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the Degree Confluence Project
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Australia : Queensland

25.6 km (15.9 miles) NW of Bullawarra, QLD, Australia
Approx. altitude: 151 m (495 ft)
([?] maps: Google MapQuest Multimap world confnav)
Antipode: 28°N 37°W

Accuracy: 5 m (16 ft)
Click on any of the images for the full-sized picture.

#2: North Aspect of Confluence Point #3: East Aspect of Confluence Point #4: South Aspect of Confluence Point #5: West Aspect of Confluence Point #6: GPS Confluence Confirmation #7: General Area #8: Hungry Cows #9: Startled Emu #11: Wedge Tail Eagle Nest/Tree #12: Drought Evidence #13: Life Sustaining Dam

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  28°S 143°E  

#1: General Area

(visited by Glen Evans, Brad Marshall, Sherrylee Evans and Carolyn Marshall)

27-Mar-2006 -- We recently returned from a 4 week trip from Brisbane to Central Australia. One of the objectives of the trip was to visit a confluence that had not been visited. In this regard we were lucky to find that there was an unvisited confluence point just west of Thargomindah (NB Spelling mistake of "Thargomindah" on website for this confluence) and about 30km off the highway that we would be travelling on.

We did some research on this location and found that it was located on a property called Orient Station and after some ringing around got hold of a manager on a neighbouring property, the owner of which also owned Orient Station. Contacting the manager of Orient Station directly, proved to be difficult but we were able to gain his approval through the manager of the neighbouring station.

We left Brisbane on our 4 week trip on a Sunday afternoon and drove the 1150km out to Thargomindah all through the Sunday night while the kids slept - this allowed us to make good progress. On Monday morning we arrived at the turnoff to the confluence point and the first thing that struck us about this region was just how bare and desolate it was.

It was clear that this area was suffering badly from the effects of a prolonged drought. The ground was completely devoid of any vegetation. The absence of vegetation revealed a cover of rocks, stones and bull dust. There were a lot of very thirsty looking mulga trees scattered around, particulary along water courses. The land was slightly undulating with numerous little rocky outcrops and hills.

At first we did not believe that there could be any stock in this country but after turning and driving down the station access track we were surprised to find a few cattle scattered about, desperately trying to forage for any feed they could find on the ground or in the trees. We were impressed at the resilience of these beasts as well as that of the humans out here who continued to strive to eke out a lifestyle in this very arid country.

We wondered at the difference good rains would make to this country. We later got an idea of the difference water can make after travelling back home through western Queensland where we were astonished to see how lush and green the country had become after heavy rains 2 weeks earlier. One can only assume that the area around Thargomindah must have been explored and settled at a time of no drought as there would be nothing to entice a settlement the way it looked at the moment.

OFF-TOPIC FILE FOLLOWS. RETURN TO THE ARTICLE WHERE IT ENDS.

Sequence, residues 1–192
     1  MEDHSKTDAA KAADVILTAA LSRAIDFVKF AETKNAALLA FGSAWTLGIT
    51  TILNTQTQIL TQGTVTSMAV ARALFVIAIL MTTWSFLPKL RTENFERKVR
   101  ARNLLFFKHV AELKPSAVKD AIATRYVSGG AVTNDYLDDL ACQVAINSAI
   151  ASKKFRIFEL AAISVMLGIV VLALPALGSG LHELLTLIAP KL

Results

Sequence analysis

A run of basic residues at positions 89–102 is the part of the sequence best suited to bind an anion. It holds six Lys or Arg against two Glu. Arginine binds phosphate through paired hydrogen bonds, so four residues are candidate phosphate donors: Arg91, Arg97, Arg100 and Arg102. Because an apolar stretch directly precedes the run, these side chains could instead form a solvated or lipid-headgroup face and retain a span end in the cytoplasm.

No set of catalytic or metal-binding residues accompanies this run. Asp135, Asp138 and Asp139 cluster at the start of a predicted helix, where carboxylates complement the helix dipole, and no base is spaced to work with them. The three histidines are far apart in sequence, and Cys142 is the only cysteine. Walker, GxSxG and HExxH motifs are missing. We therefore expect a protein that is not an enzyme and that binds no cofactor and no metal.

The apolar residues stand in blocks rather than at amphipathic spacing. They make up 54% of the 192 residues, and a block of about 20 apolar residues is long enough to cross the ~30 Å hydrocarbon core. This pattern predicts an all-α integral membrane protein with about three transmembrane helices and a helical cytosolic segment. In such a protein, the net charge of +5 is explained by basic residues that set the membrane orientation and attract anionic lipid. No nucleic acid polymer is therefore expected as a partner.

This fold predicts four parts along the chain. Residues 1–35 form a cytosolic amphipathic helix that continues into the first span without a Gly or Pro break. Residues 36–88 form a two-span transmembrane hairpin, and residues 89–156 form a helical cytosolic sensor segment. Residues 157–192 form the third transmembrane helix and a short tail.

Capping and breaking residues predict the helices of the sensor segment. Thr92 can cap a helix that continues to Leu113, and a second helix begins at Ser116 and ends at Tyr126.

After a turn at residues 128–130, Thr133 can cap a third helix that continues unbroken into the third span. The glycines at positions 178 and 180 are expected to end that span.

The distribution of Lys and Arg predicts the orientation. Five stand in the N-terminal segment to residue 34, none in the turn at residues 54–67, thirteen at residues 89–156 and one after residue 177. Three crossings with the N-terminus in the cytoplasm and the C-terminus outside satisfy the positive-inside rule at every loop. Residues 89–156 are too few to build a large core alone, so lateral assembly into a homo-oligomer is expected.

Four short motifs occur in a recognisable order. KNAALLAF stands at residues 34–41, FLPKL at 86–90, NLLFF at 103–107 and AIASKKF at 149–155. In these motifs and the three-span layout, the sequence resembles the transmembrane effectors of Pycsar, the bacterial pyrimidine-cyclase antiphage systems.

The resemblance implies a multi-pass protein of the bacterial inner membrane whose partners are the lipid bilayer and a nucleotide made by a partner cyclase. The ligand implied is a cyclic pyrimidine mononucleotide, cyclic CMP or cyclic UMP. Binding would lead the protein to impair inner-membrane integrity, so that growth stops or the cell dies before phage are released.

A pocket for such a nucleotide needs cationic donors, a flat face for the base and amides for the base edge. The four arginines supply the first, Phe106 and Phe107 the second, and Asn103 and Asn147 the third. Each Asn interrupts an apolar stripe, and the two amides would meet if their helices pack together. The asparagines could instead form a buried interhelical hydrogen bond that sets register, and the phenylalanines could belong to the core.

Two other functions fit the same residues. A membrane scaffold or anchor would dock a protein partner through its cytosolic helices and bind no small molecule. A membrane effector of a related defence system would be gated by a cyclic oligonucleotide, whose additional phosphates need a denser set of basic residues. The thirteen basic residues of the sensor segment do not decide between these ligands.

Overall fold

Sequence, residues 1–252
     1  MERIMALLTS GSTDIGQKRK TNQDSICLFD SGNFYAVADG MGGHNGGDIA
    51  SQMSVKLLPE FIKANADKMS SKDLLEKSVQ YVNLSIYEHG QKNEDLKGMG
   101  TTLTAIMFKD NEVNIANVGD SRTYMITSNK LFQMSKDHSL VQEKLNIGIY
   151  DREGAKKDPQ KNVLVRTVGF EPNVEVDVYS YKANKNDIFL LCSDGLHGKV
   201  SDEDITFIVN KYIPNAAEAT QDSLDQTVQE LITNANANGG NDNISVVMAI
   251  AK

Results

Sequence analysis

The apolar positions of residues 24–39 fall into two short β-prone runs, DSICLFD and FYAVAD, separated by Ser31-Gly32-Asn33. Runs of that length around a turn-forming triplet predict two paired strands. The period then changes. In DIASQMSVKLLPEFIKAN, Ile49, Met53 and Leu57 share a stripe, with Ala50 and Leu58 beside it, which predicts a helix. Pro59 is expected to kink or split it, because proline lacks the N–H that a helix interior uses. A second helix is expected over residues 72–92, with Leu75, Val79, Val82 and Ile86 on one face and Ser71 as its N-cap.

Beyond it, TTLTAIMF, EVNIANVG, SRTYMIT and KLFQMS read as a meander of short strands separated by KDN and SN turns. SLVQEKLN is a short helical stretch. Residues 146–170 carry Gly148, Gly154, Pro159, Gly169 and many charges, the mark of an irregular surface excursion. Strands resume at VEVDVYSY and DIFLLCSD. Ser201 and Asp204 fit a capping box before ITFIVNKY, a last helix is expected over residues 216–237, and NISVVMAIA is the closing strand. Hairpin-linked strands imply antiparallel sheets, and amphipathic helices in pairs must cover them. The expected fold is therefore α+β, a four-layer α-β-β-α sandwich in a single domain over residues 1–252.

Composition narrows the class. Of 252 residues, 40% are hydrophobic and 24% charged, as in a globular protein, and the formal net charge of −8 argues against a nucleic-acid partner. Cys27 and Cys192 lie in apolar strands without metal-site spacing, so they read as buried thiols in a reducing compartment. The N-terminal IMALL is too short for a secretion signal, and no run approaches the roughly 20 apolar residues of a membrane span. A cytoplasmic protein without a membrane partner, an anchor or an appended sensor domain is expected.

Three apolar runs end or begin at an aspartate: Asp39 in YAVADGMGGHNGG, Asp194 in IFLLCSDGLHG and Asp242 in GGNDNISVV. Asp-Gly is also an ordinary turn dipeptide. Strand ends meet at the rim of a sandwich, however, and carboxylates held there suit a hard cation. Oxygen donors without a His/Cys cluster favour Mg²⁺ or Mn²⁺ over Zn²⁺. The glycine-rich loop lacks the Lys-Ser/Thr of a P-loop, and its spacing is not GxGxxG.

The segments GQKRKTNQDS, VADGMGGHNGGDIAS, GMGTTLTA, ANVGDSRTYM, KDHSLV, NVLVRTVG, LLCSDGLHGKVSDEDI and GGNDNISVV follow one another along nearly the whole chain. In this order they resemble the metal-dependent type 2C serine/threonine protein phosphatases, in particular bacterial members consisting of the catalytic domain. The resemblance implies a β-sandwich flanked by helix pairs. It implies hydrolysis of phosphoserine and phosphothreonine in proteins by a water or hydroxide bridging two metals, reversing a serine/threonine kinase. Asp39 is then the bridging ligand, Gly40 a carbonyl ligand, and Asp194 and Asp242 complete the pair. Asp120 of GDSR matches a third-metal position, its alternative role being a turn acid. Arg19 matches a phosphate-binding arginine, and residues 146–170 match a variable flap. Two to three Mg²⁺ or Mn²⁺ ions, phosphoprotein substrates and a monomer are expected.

The track in was a 4WD access road through the property with frequent crossings of dry creek beds and numerous bull dust holes. The absence of any moisture for so long, ensured that there were copious quantities of fine dust waiting to be made air borne by the slightest disturbance. It took us about an hour to travel the 30km along this access road to a point where we where 1.5 km off the confluence point.

On the way, we passed a dam that, surprisingly, was about 30% full of water and was obviously the source of life for this region. Near the dam we saw further, grizzly evidence of the drought with the bones and carcasses of horses and cows strewn about. A stopover to have a walk around quickly revealed how immune flies seemed to be to the drought. Our faces and backs swarmed with flies the moment we stepped out of the vehicles. Constant flapping of the arms and hands in front of the face were not enough to intimidate them from a resting point on our faces. We soon experienced the origins of the term "aussie salute" or "aussie wave" as we tried brush the flies off our faces. It wasn't long before we were clamouring for the sanctuary of an air conditioned vehicle.

Getting to the confluence point itself was no challenge. The openness and flatness of the country enabled us to drive across country, directly to the confluence point. The attached photographs help give an impression of this area and the harsh realities of life on a dry continent.

I'm sure this is one of the more easily accessible confluence points, but none the less, it was an enjoyable experience and start to our holidays.

Many thanks to Sherrylee, Brad, Carolyn and the kids Corbin, Larissa, Boston, Jordan and Semika for "humouring me" on this little trip detour.

Now for another unvisited confluence point ...


 All pictures
#1: General Area
#2: North Aspect of Confluence Point
#3: East Aspect of Confluence Point
#4: South Aspect of Confluence Point
#5: West Aspect of Confluence Point
#6: GPS Confluence Confirmation
#7: General Area
#8: Hungry Cows
#9: Startled Emu
#11: Wedge Tail Eagle Nest/Tree
#12: Drought Evidence
#13: Life Sustaining Dam
ALL: All pictures on one page (broadband access recommended)